The Venza is back. In case you forgot, the Venza was previously a midsize two-row crossover that debuted back in 2008, but it left the US market in 2015. Now five years later Toyota has brought back the Venza as a new crossover that slots between the RAV4 and Highlander in the lineup.

2021 Toyota Venza Review

If you’ve been to Japan, the new Venza may look familiar to you, since it’s based on the JDM Harrier. But unlike the Harrier, which is available with hybrid and non-hybrid powertrains, the 2021 Venza is only available as a hybrid. Given the fact that it’s only available with a four-cylinder hybrid powertrain, the Venza is easily outmatched by other midsize crossovers, like the Honda Passport and Jeep Grand Cherokee with their more powerful V6 engines. But on the flip side the Venza gets up to 40 mpg.

On the outside, the new Venza is a light years better looking than the somewhat dorky first-generation Venza. The exterior is sleeker and with an overall shape that’s closer to the Lexus NX and RX crossovers. It also looks more upscale and classier than the RAV4, although they are both based on the same TNGA platform. The coupe-like roofline, slim headlights and full-width rear light bar also help give the Venza a more luxurious look and feel.

2021 Toyota Venza Review

Inside the luxurious theme continues with an interior that feels and looks more luxurious than the RAV4 and Highlander. Higher trim levels have faux leather on the door panels and dash, which again make the Venza feel like it should have a Lexus badge on the steering wheel. Our Limited tester also had comfy leatherette heated and ventilated front seats. The backseat is also comfortable and there’s plenty of space, even if the Venza’s total passenger space is less than the RAV4’s (95.0 cubic feet compared to 98.9 cubic feet).

The Venza also has some great tech features. The most notable is something that Toyota calls Star Gaze, which is basically an electrochromic panoramic glass roof that’s frosted to keep light out of the cabin, but then at the push of a button the glass clears to let all the light in.

There’s also a standard 8.0-inch touchscreen, but our Limited tester had a large 12.3-inch display. It is larger than you can get in the RAV4 and comes with Apple CarPlay, Android Auto, and Amazon Alexa. The screen uses Toyotas Entune infotainment system, which isn’t the best. It displays too much info and some of the graphics look a bit off. The larger screen also does way with traditional volume and tuning knobs, which have been replaced by touch-capacitive buttons. Other automakers have tried this, like Honda, but they aren’t easy to use. Luckily the smaller screen has the knobs.

2021 Toyota Venza Review

The 2021 Venza comes standard with Toyota Safety Sense 2.0, which bundles lots of driver assistance tech features, like automatic emergency braking, adaptive cruise control. lane-departure warning, lane-keep assist, and road sign recognition.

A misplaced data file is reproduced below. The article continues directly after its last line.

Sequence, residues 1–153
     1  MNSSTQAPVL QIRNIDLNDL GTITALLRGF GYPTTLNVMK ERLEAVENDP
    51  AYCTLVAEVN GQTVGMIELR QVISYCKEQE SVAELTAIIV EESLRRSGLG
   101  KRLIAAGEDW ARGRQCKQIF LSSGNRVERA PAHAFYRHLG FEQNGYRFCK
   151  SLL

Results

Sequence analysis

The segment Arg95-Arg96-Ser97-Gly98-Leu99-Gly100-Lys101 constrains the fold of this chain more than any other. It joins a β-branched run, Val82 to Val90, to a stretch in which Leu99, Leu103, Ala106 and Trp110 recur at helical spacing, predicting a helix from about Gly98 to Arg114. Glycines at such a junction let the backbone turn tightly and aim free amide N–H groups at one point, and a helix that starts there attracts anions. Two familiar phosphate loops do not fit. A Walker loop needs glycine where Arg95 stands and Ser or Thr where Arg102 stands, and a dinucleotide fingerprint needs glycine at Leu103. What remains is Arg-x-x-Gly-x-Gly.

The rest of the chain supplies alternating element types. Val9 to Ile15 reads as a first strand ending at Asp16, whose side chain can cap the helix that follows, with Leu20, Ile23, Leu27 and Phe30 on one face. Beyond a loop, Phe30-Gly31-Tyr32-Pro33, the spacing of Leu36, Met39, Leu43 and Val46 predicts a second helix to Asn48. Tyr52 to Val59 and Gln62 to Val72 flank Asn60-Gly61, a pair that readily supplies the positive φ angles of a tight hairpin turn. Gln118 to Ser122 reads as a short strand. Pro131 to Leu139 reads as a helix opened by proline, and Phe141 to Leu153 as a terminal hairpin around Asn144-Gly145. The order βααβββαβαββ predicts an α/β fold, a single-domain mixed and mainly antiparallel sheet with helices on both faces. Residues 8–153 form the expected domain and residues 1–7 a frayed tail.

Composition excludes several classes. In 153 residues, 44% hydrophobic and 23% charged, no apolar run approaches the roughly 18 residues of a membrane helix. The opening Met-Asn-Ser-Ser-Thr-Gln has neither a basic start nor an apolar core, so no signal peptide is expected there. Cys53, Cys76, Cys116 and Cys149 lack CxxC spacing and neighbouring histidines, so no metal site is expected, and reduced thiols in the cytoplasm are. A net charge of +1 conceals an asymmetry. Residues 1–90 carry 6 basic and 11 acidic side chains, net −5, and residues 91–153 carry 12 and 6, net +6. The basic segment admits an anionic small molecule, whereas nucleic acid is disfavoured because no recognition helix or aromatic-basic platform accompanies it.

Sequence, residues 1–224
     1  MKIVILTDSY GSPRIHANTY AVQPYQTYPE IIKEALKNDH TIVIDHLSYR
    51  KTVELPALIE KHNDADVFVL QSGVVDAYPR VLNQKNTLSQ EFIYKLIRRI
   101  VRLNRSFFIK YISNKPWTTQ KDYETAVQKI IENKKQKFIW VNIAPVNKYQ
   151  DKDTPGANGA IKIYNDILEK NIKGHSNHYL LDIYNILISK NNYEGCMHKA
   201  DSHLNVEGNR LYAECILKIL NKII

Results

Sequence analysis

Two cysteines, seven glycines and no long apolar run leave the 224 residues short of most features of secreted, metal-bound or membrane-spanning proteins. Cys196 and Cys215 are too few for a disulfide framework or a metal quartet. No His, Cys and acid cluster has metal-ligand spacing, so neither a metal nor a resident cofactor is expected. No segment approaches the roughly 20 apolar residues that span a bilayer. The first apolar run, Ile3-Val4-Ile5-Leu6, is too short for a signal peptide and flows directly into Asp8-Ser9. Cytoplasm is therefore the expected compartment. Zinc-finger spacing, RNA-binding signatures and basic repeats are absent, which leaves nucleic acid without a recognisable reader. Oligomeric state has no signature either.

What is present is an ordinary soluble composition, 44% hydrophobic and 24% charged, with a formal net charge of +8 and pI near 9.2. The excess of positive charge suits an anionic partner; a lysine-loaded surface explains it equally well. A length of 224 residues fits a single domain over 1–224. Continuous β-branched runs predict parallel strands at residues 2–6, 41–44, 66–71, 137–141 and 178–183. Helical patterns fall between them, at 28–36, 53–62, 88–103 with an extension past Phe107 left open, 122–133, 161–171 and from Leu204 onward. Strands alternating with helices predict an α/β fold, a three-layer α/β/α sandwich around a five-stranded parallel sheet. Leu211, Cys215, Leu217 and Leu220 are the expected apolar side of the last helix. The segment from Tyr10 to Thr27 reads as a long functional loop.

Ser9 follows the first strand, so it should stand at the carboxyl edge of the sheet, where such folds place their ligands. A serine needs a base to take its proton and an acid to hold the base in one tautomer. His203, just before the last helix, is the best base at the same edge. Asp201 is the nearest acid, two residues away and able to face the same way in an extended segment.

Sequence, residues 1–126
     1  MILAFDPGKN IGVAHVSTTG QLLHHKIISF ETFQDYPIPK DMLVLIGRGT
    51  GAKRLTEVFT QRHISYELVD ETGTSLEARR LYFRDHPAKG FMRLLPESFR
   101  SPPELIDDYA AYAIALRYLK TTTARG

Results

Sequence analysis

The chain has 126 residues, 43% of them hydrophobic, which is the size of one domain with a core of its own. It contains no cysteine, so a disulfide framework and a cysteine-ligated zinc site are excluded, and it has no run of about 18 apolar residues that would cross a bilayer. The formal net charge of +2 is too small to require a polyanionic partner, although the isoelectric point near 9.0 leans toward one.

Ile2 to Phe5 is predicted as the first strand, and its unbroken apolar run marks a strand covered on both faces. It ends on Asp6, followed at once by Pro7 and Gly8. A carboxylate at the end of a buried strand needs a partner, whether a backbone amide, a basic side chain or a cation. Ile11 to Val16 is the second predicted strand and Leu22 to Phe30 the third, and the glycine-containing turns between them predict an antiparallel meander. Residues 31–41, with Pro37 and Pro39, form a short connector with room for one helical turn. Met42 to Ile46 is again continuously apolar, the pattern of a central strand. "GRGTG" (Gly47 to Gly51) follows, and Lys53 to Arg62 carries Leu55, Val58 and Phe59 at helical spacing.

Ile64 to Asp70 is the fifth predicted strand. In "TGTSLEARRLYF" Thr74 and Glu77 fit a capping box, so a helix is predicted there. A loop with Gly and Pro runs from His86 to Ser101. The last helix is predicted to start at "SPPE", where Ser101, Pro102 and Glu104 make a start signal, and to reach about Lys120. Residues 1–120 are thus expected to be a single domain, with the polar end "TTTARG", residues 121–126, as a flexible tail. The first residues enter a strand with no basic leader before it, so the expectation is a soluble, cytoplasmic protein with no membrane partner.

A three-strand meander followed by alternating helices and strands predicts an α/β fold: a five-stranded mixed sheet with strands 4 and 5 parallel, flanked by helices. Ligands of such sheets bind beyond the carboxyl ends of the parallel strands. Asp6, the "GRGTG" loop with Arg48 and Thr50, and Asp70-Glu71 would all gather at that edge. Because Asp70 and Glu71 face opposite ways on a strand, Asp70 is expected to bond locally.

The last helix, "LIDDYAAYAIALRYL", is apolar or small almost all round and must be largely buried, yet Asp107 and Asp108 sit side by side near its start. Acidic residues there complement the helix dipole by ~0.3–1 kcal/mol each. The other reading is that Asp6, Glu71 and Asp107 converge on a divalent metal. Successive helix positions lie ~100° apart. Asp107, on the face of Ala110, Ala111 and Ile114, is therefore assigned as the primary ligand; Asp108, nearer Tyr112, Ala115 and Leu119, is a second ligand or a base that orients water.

There’s only one powertrain option in the new Venza. It’s a 2.5-liter four-cylinder engine with three electric motors and a lithium-ion battery pack. Two of the electric motors are at the front and the third is mounted at the rear to give the Venza standard all-wheel drive. The powertrain generates a total 219 horsepower, which is the same as the RAV4 Hybrid. In most situations, the all-wheel drive system sends all the power to the front and only when extra traction is needed, do the rear wheels come online.

The 2021 Venza is rated at 40 mpg city, 37 mpg highway and 39 mpg combined. Those specs are slightly lower than the RAV4 Hybrid, which is rated at 41/38/40 mpg.

If you’re wondering if a Venza Prime plug-in hybrid is in the works, sadly Toyota says that it has no plans for one.

The Venza weighs 3,900 pounds, so it’s no surprise that it isn’t necessarily quick off the line, but the electric motors do provide instant torque, which makes it feel a little sport around town. If you want a more fun driving experience you can select Sport mode.

Buyers who buy the Venza won’t be expecting a high performance crossover here, but they will like how smooth and comfortable the Venza is. Again it drives more like a Lexus than a RAV4. The suspension does a good job of keeping the ride smooth and at the same time there isn’t too much body roll. It’s also a bit quieter than the RAV4, but the engine does get a bit loud under full throttle.

How much does it cost? The Venza is offered in three trim levels: LE, XLE and Limited. The 2021 Venza LE starts at $33,645, including the destination fees, while the top spec Venza Limited starts at $40,975.

REVIEW OVERVIEW
Design
Performance
Infotainment System and Tech Features
Fuel Economy
Value
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Marc Carter is the Editor-in-Chief and founder of The Torque Report. When he's not writing news or reviews for The Torque Report, he also contributes to Inhabitat.com.